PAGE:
7.5

Toast

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<em>Toast</em>

If one were to rate the film Toast by culinary standards, it would score much the same as the subject himself—not Michelin-starred, but entertaining, straightforward and delicious.

Toast is a BBC Films biopic of one of Britain’s best-loved food writers and TV cooks, Nigel Slater, and is based on his 2004 autobiography, Toast: the Story of a Boy’s Hunger.

From the first moment, Toast is a delight to the senses. The opening credits are cleverly printed on boxes and tins lining the shelves of a 1960s grocery store while classic music of the era fills the background. In one lovely shot after another, we follow young Nigel (Oscar Kennedy) through the shop and its wonders, the camera closing in on his face as he sees a heavenly light shine over the cheese counter.

“When you’re deprived of something, it just makes you all the more hungry for it,” Nigel narrates matter-of-factly.

And poor Nigel is deprived. We watch as his well-intentioned mum (Victoria Hamilton) plops unopened tins into a pot of boiling water and still manages to burn the dinner. When all else fails, she makes them all tea and toast. (They eat a lot of toast.) Meanwhile, Nigel’s father (Ken Stott), is irritable and impatient with his son, sure that something is “wrong” with the boy.

But food and family are only two of the three themes in Toast—the other is sex. Deprivation is merely the eggy batter that binds them together.

Nigel’s first twinges of homosexuality are revealed in his crush on their gardener, Josh (Matthew McNulty). Josh is the first character in the film to feel a bit fairy-tale-ish, swinging Nigel about in his arms and shouting gleefully about the wonders of nature.

Nigel’s mum tragically dies, but his grieving is curtailed by the entrance of Mrs. Potter (Helena Bonham Carter), a seemingly innocent house cleaner. Nigel takes an immediate dislike to her, sure she is set out to seduce his father. It certainly appears to be the case, as every vigorous task Mrs. Potter takes to hand—from vacuuming to polishing—has an overt sexual innuendo attached. Soon, she takes over their home and Mr. Slater’s heart. From the moment she presents them with her first massive apple pie—“just something I knocked up”—her presence in their lives seems irreversible.

If the first half of the film is somewhat bleak, the second part is anything but. From the moment Mrs. Potter appears—large, colorful bum first—the story changes in vivid proportions. Food takes on a whole new meaning to Nigel and Mr. Slater, no longer disappointing, but bewitching in the hands of Mrs. Potter.

An all-out battle ensues between the feisty woman and antagonistic boy, which is both comical and tragic, putting the characters’ wounded insecurities on display and leaving viewers with a sinking feeling that neither can win.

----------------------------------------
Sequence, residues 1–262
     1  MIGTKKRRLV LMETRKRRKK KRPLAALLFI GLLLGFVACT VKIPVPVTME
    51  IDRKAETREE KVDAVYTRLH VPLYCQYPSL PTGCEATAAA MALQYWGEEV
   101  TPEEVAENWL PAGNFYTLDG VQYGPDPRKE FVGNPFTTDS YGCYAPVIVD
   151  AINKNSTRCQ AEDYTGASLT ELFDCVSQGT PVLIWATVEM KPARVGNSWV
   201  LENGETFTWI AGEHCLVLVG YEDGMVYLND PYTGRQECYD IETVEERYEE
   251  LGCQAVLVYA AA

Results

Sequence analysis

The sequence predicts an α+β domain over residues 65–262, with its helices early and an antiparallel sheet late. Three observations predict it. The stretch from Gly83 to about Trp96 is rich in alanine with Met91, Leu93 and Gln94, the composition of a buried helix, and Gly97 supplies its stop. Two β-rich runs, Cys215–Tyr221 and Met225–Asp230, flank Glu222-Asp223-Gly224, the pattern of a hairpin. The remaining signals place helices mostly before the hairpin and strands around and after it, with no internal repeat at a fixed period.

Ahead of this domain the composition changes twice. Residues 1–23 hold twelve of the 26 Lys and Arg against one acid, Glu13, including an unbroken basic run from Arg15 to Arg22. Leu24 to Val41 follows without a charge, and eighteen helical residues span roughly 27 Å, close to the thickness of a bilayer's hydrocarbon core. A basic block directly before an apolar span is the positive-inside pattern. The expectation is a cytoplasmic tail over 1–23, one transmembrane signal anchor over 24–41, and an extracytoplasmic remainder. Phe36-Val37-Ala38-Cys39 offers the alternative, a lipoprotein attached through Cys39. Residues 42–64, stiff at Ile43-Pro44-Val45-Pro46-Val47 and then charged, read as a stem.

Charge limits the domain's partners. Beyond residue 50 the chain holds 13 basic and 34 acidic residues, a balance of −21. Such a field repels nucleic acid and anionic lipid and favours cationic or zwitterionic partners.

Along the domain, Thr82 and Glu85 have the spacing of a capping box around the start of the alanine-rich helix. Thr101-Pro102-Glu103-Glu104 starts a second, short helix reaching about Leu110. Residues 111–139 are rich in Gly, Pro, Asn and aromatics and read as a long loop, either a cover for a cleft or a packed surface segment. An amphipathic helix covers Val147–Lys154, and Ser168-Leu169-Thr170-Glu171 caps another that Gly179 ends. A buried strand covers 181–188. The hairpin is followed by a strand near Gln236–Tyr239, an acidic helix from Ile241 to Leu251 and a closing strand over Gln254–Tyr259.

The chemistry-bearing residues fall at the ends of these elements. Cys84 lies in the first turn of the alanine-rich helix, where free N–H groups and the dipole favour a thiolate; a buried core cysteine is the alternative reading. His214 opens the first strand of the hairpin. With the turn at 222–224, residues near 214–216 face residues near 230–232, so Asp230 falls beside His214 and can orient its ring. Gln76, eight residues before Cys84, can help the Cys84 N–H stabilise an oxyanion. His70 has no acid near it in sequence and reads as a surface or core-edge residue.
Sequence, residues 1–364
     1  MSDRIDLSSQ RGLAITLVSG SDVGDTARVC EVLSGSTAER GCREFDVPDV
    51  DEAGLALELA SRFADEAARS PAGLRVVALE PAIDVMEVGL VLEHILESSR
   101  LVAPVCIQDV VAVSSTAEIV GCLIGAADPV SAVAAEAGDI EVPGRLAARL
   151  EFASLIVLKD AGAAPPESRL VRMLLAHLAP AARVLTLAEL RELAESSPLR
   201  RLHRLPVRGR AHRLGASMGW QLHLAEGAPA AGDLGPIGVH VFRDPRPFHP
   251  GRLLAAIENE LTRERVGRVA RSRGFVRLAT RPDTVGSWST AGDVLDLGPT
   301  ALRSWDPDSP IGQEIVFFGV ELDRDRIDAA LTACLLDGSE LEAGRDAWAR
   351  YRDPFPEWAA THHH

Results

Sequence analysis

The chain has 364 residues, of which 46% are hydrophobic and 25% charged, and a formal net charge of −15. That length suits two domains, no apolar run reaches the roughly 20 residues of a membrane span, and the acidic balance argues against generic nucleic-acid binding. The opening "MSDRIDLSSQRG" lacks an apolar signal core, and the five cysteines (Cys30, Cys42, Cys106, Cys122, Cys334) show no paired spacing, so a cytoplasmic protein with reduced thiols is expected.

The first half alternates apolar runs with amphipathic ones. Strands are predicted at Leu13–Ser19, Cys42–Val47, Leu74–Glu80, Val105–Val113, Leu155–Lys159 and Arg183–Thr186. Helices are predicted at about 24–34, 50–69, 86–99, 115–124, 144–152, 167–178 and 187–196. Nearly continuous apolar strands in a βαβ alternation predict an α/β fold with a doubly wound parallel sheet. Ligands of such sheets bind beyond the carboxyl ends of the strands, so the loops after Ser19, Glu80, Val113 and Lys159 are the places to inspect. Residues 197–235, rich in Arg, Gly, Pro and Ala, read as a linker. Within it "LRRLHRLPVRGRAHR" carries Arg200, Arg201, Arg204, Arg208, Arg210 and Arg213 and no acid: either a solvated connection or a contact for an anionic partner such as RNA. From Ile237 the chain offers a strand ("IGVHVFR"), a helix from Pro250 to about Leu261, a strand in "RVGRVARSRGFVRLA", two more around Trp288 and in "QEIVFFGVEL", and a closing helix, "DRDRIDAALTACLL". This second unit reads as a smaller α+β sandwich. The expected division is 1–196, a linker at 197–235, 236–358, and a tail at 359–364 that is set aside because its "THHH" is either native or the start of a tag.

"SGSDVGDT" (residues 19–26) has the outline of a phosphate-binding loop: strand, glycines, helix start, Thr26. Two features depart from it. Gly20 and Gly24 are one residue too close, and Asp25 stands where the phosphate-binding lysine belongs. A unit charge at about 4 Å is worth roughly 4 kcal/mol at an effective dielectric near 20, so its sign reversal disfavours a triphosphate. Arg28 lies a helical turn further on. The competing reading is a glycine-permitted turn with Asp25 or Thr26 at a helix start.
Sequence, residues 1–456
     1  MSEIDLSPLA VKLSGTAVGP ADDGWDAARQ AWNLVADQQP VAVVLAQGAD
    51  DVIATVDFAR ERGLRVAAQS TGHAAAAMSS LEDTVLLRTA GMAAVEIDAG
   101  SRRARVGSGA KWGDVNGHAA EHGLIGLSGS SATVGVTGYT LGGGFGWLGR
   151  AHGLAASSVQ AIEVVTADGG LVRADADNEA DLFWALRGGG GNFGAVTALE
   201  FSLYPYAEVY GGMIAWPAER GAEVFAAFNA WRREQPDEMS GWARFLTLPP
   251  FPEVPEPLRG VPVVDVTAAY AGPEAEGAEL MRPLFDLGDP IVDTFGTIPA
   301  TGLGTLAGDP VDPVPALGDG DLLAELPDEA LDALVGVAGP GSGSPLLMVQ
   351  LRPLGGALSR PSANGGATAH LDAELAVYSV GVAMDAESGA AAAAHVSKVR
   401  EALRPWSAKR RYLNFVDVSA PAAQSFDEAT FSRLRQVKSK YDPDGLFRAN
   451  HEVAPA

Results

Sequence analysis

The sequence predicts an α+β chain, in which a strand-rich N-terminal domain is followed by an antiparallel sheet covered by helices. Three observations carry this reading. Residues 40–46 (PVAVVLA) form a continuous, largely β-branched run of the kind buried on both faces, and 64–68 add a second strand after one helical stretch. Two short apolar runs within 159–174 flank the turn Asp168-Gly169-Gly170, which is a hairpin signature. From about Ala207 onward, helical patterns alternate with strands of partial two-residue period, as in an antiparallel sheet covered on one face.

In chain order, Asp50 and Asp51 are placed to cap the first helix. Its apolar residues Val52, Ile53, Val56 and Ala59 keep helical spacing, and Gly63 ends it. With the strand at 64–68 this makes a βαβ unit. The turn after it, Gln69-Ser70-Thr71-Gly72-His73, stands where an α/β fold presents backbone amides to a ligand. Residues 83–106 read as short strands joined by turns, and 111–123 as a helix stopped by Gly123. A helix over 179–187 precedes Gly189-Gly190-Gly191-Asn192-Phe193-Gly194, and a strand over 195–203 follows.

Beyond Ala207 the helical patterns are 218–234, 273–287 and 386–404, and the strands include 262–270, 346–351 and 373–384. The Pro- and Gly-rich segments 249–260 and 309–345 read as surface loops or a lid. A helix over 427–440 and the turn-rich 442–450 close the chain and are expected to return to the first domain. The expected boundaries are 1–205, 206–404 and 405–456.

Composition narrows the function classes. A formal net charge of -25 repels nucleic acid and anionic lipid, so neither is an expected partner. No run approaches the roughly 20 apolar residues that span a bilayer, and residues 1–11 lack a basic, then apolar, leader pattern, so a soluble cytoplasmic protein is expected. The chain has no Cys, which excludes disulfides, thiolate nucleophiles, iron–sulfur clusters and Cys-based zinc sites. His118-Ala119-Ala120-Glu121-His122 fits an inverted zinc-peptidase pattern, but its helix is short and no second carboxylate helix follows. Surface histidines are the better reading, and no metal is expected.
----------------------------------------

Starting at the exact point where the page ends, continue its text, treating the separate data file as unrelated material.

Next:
The film as a whole is ultimately about Nigel, though, and the situations in his life that draw him out of personal constraints and help him take risks to find happiness. Even in the midst of all his family chaos, budding adolescence and curiosity about food, his story is the classic journey of finding oneself.

Toast is the introductory role for 11-year-old Oscar Kennedy, and he shines for a first-timer. Veteran child actor Freddie Highmore is equally up to the task of portraying the teenage version of Nigel Slater, and even bears a striking resemblance to the man.

The star, quite obviously, is Helena Bonham Carter. A gifted character actress time and again, she does more than give Mrs. Potter shape—she adds her own cheeky cherry on top.

Written by Lee Hall (Billy Elliot), Toast is tender and heart-breaking. It has a few contrived moments and several lines better suited to greeting cards than film, but the sentiment remains honest.

Toast’s director, S.J. Clarkson, is solely a TV series director at this stage, bringing his distinctive approach to small-screen favorites such as Life on Mars and Heroes, as well as British standbys like EastEnders. His touch with Toast is lighter, while still packing a punch of entertainment value in character and composition.

Cinematographer Balazs Bolygo (Doctor Who, Lark Rise to Candleford), has also worked mainly in TV. Bolygo’s translated vision for Toast is stunning. Not only is the food filmed to mouth-watering perfection, but the way the camera follows Nigel throughout is right on the money, balancing the restraint of some moments with the carefree exuberance of others.

Toast aired on BBC’s UK Christmas TV lineup last year to a spellbound audience of over 6.2 million viewers, according to The Guardian. Incidentally, the family of the late Mrs. Potter expressed outrage at the way their mother was portrayed. While it’s understandable how the larger-than-life characterization might offend, Mrs. Potter was still surprisingly multidimensional in spite of herself. This is one of Toast’s unexpected charms—all persons in this story quite honestly display the best and worst of themselves, to their triumph or detriment.

If you know of the real Nigel Slater, keep an eye out for his little cameo near the film’s conclusion—it’s worth a chuckle.

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